Four common personal finance tips you should feel comfortable ignoring

By BOB CUNNINGHAM

Have you heard the phrase, “conventional wisdom?”  It’s typically used when information is thought to be so common-sense correct and accepted, that numerous alleged authorities echo the same sentiment, thought, or advice.

When preparing to cross the street, it’s conventional wisdom to look both ways.  Okay, no argument here.

But in the personal finance niche, I have learned over my 30+ years enrolled in TSOHK (The School of Hard Knocks) that conventional wisdom isn’t always the savviest take, nor can it be assumed to be applicable, or even helpful.

Sometimes, it can be downright detrimental.

In this week’s BWE post, I want to talk about some examples of when conventional wisdom simply isn’t the best way to go about your money life. Now, to be fair, not all of these are blatantly false.  It’s just that in some cases they over-simplify a topic, and while I’m usually in favor of keeping things straightforward, I’ll never support the notion of bypassing applicable specifics.

So, without additional adieu, here are some money misconceptions:

1) All debt is bad.  As noted author Robert Kiyosaki of the pioneering finance and investing book, ‘Rich Poor Dad,’ has often said, there is most definitely such a thing as “good debt” as well as bad debt.  Kiyosaki correctly postulates that good debt is used to buy assets, such as stocks and bonds or investment real estate, and bad debt is associated with credit card debt and other methods of purchasing liabilities – things that depreciate over time.

But I’ll take it a step further in noting that a debt doesn’t have to directly purchase an asset in order to be good debt, even if a liability is being bought.  If the debt, in itself, creates the opportunity to profit, I believe it should be considered good debt.  This scenario is most common when discussing home mortgages – low interest rates, the interest being tax deductible.  Mortgages, when utilized correctly, can be truly valuable.  But there are other ways to reap these types of benefits.

For example, say you need a new car – not brand new, necessarily, but an updated vehicle because your current wheels are costing you too much in repair and maintenance.  Because of your stellar credit, you qualify for 1.9% financing through your bank.  You’re looking at spending about $20,000 on a certified pre-owned car.

Should you pass on financing the purchase because you’re acquiring additional debt?  Maybe… if you can’t afford the monthly payment in your current circumstances, none of the forthcoming pointers will truly be applicable. Still, go with the point I’m making here and let’s assume your budget allows for the payment.

Being that this is for buying a car, are we to assume automatically that this is bad debt?  After all, the car will most certainly depreciate in the coming years, right?

Most people would read the above and suggest, “sure the terms are great, but you’re still better off paying cash if you have it available.”  I disagree, because what is being overlooked – and this happens frequently – is the opportunity cost.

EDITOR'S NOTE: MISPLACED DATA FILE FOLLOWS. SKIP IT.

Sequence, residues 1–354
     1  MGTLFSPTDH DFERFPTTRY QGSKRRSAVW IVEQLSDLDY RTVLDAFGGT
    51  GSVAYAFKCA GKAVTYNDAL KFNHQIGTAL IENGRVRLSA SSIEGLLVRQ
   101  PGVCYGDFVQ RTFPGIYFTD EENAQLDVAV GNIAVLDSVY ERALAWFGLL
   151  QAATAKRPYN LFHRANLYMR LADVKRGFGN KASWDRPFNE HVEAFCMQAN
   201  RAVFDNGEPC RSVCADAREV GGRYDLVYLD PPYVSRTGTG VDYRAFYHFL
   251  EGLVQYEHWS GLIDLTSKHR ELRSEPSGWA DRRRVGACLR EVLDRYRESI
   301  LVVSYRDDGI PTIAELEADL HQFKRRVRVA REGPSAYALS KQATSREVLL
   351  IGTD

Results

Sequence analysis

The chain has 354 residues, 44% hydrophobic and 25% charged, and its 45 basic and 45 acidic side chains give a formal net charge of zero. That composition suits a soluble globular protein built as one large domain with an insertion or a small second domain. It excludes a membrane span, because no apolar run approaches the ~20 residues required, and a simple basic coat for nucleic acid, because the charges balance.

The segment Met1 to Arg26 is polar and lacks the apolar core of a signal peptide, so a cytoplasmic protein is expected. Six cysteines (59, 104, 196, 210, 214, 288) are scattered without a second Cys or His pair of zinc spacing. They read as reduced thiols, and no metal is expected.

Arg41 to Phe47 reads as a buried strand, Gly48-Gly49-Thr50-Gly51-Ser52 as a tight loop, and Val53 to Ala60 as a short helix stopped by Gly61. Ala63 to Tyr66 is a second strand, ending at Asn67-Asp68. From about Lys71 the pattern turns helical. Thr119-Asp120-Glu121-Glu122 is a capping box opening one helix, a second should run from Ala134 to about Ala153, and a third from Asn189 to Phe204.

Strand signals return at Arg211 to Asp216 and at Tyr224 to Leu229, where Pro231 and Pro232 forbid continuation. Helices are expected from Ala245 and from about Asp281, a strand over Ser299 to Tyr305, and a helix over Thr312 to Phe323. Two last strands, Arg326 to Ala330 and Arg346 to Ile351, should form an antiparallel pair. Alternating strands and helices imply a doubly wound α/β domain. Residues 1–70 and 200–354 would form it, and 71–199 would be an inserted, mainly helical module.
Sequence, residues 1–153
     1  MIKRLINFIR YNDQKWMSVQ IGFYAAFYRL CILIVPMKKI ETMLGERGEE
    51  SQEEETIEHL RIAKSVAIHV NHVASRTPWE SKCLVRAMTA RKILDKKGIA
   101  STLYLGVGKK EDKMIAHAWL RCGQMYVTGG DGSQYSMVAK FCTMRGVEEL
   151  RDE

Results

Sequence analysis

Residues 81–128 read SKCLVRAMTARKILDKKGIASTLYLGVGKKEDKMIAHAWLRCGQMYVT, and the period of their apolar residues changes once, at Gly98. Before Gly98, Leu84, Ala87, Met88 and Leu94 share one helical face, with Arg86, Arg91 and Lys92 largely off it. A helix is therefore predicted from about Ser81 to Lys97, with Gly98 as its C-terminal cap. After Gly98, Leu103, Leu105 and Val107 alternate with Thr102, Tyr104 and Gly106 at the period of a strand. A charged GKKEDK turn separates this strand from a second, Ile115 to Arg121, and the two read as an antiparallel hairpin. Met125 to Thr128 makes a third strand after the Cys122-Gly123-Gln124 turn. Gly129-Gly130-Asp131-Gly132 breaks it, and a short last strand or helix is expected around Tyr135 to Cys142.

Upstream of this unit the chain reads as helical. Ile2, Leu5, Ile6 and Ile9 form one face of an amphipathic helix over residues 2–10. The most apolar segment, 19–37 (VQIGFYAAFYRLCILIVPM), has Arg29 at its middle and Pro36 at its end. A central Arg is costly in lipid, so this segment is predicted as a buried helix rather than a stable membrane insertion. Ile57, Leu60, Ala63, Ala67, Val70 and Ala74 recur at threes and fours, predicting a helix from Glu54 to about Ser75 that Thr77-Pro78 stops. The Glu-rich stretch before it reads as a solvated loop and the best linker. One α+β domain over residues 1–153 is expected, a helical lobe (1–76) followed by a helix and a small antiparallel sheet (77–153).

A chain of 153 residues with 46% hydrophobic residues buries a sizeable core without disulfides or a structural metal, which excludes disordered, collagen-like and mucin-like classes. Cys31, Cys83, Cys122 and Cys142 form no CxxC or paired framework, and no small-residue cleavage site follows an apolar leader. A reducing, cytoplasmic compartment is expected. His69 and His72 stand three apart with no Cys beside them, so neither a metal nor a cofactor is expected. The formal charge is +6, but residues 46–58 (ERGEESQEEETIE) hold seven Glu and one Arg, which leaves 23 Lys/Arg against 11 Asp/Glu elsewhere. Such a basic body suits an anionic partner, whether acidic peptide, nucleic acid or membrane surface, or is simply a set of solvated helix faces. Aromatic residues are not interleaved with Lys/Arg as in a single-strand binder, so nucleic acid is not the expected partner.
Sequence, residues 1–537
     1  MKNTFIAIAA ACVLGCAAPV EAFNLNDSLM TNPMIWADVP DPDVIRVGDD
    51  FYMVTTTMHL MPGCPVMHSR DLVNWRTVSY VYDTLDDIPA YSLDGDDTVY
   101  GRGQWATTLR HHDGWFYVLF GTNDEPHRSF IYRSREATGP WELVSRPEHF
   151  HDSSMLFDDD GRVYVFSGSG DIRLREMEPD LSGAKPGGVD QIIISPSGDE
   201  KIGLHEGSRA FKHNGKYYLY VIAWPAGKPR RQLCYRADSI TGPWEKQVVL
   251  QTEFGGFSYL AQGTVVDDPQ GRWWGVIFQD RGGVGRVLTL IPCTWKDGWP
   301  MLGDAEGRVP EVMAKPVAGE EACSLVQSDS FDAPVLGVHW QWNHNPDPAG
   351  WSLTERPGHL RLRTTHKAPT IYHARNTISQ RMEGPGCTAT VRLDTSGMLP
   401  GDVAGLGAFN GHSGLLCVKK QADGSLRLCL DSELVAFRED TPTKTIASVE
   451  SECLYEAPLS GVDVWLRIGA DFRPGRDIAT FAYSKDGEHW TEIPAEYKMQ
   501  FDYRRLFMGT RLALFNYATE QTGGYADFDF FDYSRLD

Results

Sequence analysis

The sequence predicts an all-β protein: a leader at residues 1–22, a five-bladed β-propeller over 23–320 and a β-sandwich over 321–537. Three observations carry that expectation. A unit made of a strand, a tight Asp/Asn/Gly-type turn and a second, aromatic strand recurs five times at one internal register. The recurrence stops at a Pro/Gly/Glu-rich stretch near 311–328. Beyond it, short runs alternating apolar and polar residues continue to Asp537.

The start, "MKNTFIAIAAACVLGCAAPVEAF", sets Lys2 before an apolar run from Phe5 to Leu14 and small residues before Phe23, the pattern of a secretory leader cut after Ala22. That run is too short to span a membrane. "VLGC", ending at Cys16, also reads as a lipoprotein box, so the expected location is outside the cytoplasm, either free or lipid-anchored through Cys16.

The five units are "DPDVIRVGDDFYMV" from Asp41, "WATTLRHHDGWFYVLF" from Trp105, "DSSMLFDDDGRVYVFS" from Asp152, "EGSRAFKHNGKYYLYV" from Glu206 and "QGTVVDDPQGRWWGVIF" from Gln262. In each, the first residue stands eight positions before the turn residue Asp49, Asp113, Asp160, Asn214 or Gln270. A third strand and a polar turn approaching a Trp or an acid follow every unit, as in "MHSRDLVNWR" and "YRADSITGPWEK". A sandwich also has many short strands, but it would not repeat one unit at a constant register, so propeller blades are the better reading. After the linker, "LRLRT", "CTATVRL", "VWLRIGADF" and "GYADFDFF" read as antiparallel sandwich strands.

Instead of forking over $20K on the car up front, what if I can put that money to work earning, say, 4-5% with tax-free access to this money if I ever need it, and still acquire the car?  Wouldn’t that be a 2-3% positive Rate of Return over what the auto loan is costing me?  Sure is.  And if you’re thinking perhaps that the small profit I’ve illustrated would be devoured by the car’s depreciation, that really isn’t so because the car will go down in value over time regardless of how I buy it.  In other words, if I pay $20,000 cash now, the car will still be worth only $15,000 (or less) in two years.  How I went about buying the car isn’t really relevant.

In short, it actually makes (arguably) more sense to take advantage of the ultra low-cost financing, put the cash to work earning more than that, and still drive my nearly-new ride.

2) Live below your means.  I really hate this expression, which virtually EVERY financial guru insists you must do, because it is so vague.  If the key is to avoid unnecessary spending, just say that.  But even then, more specificity is needed.  If you go out to the movies once a month as your sole entertainment, you’re certainly spending money unnecessarily – you don’t HAVE to go see the flick.  But obviously, if that is your only fun all month long, you’re most certainly living below your means.

I’m also opposed to the concept that you have to set a living standards guideline.  Determine your fixed expenses, and your necessary discretionary expenses, then decide how much of what’s left from your paychecks you’re comfortable with saving and investing, and otherwise live normally.  Make a reasonable, thought-out plan, pay yourself first before you do the rest, and have a life.  Progress doesn’t have to be excruciatingly painful.